Aerial photograph of Southend Hill, Cheddington: the airfield is to the top of the pictureLeafleting

While airmen were training at the various airfields in Buckinghamshire, such as Cheddington and Westcott, they were sent on night leafleting missions across Europe. Propaganda leaflets were dropped from aeroplanes, telling people that Britain and the Allies would win the war and urging them not to cooperate with the Germans. It was good training for bombing raids. 


Radio broadcasts

Radio broadcasts were sent to Germany and the continent to undermine morale amongst the enemy and promote resistance by occupied countries. The Czech government in exile had three radio stations Radio Nazdar, Nova Evrope and radio Bradlo, recorded at Wavendon Towers in Milton Keynes and broadcast from Gawcott near Buckingham and Potsgrove near Woburn.


General Charles De Gaulle of France also broadcast radio speeches to France from his temporary home on the Ashridge Estate to urge the French to resist the Germans and not collaborate with them.


The film star Clark Gable was a Captain in the USAAF and broadcast from Bovingdon airfield to America to urge people to buy War Bonds, which would help raise money for the war effort. 

A lime tree on the green, Aston Abbotts, to commemorate the 60th anniversary of the end of the Second World War, donated by the Czech and Slovak governments



During President BenÄ•s’ exile at the Abbey, Aston Abbots a lime tree was planted to mark 25 years of Czechoslovak independence. This event was filmed. The Czechoslovak officers and soldiers gave speeches and paraded. Representatives from the village were invited and treated to refreshments in the platoon mess. The lime tree is still there. A new one was planted by the Czech ambassador and the Slovak deputy ambassador on the green in Aston Abbots in 2005 on the sixtieth anniversary of the end of the Second World War. On Sunday 14th June 1942, Czechoslovak troops paraded in Aylesbury’s Market Square for a United Nations ceremony that was broadcast on the BBC.  

Training in filming techniques during battle for the Army Film and Photographic Unit at Pinewood StudiosWar films

There were several film studios making films during the war years. Pinewood Studios is the most famous and is still in use. It was built in 1936. Pinewood was requisitioned during World War II for use by the Crown Film Unit, the Army Film and Photographic Unit, RAF Film Unit, the Polish Air Force Film Unit, the Royal Mint and as offices for Lloyds of London, and for food storage. The Crown Film Unit shot many classic wartime documentaries at the studios including 'Desert Victory', 'Fires Were Started', 'Listen to Britain', 'Coastal Command' and 'Western Approaches'.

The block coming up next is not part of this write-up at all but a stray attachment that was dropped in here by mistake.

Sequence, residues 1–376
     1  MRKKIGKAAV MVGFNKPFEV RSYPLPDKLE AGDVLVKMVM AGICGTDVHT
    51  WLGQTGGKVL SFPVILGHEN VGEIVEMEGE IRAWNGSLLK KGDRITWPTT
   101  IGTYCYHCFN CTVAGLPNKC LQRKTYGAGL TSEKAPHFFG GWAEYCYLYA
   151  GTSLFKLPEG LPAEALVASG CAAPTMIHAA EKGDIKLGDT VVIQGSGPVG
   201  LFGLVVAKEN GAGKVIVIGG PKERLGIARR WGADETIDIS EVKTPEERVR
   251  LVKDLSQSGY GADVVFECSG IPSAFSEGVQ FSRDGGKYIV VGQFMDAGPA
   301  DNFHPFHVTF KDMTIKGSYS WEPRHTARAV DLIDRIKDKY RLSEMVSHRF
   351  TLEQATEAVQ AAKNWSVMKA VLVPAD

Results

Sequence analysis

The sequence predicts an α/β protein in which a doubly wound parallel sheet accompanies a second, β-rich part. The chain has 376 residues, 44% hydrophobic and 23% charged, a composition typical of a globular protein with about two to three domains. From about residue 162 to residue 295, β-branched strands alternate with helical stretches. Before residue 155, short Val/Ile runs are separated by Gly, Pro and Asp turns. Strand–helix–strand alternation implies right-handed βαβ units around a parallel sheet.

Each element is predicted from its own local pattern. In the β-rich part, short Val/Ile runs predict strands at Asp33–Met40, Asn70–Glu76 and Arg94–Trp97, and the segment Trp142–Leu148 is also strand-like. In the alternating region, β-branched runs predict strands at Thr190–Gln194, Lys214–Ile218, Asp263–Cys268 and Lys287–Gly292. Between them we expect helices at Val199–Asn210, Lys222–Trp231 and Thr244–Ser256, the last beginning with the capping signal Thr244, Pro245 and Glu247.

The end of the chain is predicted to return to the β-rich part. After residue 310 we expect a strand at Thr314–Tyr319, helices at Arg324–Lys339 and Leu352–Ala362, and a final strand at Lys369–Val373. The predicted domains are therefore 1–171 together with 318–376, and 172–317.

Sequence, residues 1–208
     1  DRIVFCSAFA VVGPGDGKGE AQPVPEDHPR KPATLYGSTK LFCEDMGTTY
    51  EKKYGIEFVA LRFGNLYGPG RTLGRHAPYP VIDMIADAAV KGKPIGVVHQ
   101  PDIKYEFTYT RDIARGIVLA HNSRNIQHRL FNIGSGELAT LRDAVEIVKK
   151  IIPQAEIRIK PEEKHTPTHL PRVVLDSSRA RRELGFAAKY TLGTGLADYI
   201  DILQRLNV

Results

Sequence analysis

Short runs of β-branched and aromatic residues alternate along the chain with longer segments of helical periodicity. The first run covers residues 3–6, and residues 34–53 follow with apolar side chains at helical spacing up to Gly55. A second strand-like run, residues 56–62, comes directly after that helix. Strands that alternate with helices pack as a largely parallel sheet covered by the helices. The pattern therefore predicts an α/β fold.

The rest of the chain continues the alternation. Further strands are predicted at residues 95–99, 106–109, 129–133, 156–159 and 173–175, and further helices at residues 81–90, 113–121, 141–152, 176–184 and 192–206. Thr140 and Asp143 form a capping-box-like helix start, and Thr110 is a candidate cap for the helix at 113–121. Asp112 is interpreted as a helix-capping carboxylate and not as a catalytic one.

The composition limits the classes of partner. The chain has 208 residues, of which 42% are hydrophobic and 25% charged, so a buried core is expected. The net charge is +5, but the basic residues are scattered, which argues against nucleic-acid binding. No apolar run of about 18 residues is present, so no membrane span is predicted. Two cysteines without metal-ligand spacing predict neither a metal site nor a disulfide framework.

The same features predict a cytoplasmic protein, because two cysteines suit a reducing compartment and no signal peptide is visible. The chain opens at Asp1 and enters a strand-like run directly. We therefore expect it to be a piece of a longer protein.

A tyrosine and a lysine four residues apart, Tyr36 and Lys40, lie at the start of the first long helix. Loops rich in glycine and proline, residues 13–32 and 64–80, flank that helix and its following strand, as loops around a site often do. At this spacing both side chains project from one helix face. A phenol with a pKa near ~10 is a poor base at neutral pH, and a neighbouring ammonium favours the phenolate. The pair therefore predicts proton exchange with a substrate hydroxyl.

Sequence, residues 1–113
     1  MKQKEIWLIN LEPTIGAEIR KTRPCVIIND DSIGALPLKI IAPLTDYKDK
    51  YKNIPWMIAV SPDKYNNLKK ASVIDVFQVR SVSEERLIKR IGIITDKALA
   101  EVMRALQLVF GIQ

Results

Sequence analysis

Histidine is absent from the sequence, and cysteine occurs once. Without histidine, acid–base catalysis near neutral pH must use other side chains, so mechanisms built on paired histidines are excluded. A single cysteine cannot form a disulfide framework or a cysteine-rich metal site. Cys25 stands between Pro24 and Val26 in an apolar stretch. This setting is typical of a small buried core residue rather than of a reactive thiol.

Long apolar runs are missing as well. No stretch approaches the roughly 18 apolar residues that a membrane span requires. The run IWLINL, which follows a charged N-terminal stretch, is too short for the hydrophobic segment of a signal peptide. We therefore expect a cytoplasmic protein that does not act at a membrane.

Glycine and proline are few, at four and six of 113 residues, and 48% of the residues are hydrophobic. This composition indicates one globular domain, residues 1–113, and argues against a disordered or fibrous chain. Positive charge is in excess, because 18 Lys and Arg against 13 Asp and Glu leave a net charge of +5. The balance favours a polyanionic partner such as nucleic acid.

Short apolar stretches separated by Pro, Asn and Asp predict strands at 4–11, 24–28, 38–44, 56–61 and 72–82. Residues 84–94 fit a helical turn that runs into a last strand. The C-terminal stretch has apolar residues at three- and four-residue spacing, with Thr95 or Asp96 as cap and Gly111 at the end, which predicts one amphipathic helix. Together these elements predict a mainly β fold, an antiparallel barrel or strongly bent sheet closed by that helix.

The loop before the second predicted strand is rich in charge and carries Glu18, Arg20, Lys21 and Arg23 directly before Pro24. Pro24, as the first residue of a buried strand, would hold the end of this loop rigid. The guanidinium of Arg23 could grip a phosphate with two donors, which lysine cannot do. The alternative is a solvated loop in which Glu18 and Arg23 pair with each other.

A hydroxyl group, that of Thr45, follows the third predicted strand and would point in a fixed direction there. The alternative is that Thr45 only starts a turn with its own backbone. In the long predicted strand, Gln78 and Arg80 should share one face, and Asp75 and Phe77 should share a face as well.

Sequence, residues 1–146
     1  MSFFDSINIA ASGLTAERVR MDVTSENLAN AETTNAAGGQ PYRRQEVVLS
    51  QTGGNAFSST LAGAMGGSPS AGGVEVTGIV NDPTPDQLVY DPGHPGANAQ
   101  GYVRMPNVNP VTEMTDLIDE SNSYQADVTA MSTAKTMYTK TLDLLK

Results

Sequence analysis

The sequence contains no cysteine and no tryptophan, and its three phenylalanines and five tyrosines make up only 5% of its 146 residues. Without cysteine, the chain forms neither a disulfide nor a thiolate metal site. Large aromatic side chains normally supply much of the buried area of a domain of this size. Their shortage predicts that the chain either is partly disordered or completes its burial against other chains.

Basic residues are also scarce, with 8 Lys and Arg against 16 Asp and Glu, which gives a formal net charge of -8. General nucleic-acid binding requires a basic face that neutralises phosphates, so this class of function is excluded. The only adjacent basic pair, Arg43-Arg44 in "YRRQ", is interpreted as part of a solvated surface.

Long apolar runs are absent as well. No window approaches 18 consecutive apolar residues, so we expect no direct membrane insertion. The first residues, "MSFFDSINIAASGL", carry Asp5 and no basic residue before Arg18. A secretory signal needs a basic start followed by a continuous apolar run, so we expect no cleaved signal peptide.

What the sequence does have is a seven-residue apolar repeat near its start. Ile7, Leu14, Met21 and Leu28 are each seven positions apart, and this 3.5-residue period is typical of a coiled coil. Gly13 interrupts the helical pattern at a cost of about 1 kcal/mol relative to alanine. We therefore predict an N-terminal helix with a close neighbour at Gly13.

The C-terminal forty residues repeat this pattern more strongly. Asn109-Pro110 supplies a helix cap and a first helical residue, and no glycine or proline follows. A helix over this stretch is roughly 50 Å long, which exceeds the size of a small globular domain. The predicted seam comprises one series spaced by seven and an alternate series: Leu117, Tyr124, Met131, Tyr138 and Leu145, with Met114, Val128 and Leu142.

Desert Victory’s tagline was: “The full-length feature story of the rout of Rommel in Africa by the British 8th Army... with the most thrilling scenes ever taken under fire!” It was about the British Army driving the Germans and Italians out of North Africa. Fires Were Started was a film about firemen’s work in London during the Blitz.


Denham Film StudiosPinewood took over Denham studios in 1939. 'In Which We Serve' (1942),'The Life and Death of Colonel Blimp' (1943), and 'Brief Encounter' (1945) were all filmed at Denham Studios during the Second World War.


In Which We Serve is the story of British Navy Destroyer HMS Torrin, told in flashback by the surviving crewmembers as they await rescue in the Mediterranean, the ship having been sunk during a battle. It was an optimistic view of the Royal Navy at war because, in 1942, victory over Germany was still uncertain. With that in mind, it boosted the morale of those who saw it.


The Life and Death of Colonel Blimp was another wartime propaganda film. It shows how war had changed between the First and Second World Wars and that gentlemanly conduct was not going to work against the Nazis. Winston Churchill tried to have the film banned because of its sympathetic portrayal of a German officer. 

Filming at Pinewood Studios during the Second World War: Image courtesy of the Imperial War Museum



  1. Why do you think the Czechoslovak president decided to plant the lime tree?
  2. Why do you think being broadcast on the radio and television would be good for the Czechoslovak government in exile?
  3. Look for photographs on Buckinghamshire Photographs website to find pictures of parades during the Second World War. Where were they and when did they happen? Who took part?
  4. How did the films made in Buckinghamshire in the 1940s keep morale up?

Go back to find out more about Buckinghamshire in the Wars.